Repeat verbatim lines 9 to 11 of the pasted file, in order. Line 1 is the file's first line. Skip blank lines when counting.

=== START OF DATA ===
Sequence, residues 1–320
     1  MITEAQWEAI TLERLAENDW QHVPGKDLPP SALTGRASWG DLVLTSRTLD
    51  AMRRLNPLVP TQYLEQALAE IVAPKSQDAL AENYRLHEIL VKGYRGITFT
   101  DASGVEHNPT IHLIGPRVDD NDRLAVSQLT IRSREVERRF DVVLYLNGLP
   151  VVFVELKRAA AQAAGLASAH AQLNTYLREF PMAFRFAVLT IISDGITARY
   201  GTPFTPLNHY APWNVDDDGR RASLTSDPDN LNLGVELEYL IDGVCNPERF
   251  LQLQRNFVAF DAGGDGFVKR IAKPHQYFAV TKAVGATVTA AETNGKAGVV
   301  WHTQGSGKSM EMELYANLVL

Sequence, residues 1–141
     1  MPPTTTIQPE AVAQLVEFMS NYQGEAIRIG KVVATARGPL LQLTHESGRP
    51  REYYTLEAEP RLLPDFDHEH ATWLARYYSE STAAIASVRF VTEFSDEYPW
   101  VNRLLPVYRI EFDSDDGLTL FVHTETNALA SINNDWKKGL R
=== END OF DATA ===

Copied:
Sequence, residues 1–141
     1  MPPTTTIQPE AVAQLVEFMS NYQGEAIRIG KVVATARGPL LQLTHESGRP
    51  REYYTLEAEP RLLPDFDHEH ATWLARYYSE STAAIASVRF VTEFSDEYPW